There was a good reason why Pops kept a padlock on the freezer. There was ice cream inside. A big, brown cardboard, 3-gallon tub filled with artificially-brown-flavored bliss.
I remember standing, starry-eyed right in the middle of the kitchen floor, watching my older brother with admiration and amazement, and a certain sense of apprehension, as he scooped this bliss into the blender, tossed in the powdered milk, and added tap water to taste.
Mmmm, the sound of it!
We younger siblings stood back a ways, stealing peeks now and again, like vultures waiting for whatever remains might, well, remain.
Little did we know that those sweet, swirling sounds would be heard, not only by our mouth-watering tongues, but by the ears we kids would later grow into as adults, the big ears of parents, detecting the all-too-quiet deeds of their offspring.
Besides, the cussing blender was whirring away at warp liquefy speed—a dead giveaway.
And, wouldn’t you know it, Pops had instantly appeared—I sensed him before I saw him. And, sure enough, as I craned my eyes at a diagonal upward glance, I saw him just standing there, grinning.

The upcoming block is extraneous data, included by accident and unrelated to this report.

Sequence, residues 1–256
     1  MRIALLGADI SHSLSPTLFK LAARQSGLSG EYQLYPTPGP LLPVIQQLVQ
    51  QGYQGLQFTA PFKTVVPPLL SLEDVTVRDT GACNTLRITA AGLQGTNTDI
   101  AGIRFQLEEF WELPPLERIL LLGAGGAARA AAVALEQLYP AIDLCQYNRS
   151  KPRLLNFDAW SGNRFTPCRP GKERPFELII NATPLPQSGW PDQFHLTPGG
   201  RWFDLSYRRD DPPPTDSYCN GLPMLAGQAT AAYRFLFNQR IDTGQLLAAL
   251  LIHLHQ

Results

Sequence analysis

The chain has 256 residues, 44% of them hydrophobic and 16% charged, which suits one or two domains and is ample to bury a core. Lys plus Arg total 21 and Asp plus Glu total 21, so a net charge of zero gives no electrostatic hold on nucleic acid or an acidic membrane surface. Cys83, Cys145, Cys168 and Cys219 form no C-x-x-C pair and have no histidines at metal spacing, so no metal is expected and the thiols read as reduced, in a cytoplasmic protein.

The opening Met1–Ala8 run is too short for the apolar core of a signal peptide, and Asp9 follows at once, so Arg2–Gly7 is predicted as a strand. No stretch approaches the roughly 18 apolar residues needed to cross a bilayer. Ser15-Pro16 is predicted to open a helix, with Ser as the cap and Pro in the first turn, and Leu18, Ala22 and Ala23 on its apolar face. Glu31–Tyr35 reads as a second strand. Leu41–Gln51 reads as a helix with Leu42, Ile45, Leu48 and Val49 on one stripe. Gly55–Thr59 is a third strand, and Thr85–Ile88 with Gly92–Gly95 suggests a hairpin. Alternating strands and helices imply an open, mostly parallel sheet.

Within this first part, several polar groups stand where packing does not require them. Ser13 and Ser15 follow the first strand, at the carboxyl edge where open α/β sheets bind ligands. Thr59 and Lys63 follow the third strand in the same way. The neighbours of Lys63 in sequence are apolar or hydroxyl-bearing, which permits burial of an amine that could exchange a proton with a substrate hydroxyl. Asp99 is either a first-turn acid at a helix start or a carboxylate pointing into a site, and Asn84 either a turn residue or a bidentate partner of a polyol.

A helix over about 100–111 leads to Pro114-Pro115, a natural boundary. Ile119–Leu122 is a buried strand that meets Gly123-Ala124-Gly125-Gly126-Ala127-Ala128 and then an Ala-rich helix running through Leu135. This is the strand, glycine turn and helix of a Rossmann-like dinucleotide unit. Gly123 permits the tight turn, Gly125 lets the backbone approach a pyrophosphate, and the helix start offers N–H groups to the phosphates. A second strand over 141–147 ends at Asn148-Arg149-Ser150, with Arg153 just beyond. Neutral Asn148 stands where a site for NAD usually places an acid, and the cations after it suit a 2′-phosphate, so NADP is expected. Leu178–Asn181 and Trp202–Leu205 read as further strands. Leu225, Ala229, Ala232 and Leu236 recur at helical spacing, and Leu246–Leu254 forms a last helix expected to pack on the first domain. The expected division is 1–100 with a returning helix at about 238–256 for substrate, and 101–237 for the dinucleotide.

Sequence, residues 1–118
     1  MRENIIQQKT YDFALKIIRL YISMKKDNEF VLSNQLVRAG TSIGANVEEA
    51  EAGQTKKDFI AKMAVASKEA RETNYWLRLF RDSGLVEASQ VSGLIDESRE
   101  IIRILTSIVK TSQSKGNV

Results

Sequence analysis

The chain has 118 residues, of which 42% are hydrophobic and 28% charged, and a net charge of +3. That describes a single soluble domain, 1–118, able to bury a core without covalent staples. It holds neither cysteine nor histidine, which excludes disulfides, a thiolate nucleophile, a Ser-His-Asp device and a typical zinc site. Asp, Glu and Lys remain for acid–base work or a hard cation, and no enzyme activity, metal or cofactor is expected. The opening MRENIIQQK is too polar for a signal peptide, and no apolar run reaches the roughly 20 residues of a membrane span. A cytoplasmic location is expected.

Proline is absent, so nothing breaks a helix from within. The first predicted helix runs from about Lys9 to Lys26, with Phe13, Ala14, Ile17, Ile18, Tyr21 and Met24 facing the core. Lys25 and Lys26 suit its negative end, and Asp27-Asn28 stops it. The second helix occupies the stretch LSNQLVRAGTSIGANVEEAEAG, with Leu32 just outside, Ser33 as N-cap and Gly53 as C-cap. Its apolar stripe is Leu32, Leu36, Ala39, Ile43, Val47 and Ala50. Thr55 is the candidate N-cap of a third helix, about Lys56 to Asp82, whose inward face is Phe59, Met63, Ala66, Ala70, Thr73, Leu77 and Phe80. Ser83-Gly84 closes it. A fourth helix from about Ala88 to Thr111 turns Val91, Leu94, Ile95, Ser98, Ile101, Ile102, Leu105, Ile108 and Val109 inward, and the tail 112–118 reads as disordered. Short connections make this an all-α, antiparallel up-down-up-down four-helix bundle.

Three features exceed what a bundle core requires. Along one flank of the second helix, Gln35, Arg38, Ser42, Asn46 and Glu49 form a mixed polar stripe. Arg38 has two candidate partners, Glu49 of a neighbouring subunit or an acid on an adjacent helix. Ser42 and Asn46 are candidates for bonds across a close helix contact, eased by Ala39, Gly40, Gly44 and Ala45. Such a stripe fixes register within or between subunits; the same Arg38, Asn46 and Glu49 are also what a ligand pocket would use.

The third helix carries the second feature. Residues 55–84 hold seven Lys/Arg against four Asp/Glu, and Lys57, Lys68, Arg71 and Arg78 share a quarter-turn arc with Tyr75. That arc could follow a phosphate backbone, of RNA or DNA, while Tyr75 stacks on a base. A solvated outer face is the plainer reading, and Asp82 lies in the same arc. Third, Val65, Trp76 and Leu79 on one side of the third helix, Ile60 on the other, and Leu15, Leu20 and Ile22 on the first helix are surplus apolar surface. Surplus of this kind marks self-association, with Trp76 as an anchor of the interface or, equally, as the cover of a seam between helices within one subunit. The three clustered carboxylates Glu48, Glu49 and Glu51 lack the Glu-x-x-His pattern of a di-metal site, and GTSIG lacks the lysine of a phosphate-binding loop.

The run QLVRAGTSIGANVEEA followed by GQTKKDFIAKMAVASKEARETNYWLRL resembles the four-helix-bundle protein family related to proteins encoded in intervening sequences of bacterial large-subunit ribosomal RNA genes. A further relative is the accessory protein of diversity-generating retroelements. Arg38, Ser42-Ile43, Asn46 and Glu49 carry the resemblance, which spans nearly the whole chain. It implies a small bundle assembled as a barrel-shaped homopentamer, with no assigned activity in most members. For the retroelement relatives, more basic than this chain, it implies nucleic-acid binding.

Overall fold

Why is Pops smiling like that?
He doesn’t look very happy.
In the instant it took me, inexperienced as I was when it came to defiant teenage discipline, to piece it all together, the blender had gone silent.
I looked to my brother, who’d just popped off the top and had tilted the glass back, who was patiently awaiting the thick, ice-creamy joy that was slowly descending toward his wide-open gullet.
I looked back up at Pops.
The funny grin was gone.
And, the next thing I know, that pure brown bliss had rained down on us, and was now streaming down the orange and avocado walls and cabinets, filthy tears weeping for my poor, bad brother.
I’d already lived long enough in those seven or eight short years to learn that it was times like this that made a kid want to skedaddle for safety, as fleeting as the sense of it was.
How does that milkshake taste now?
These were the only words Pops spoke. But his rage was heard loud and clear, all the way from the other side of the house.
Photo courtesy of blossom38 via eBay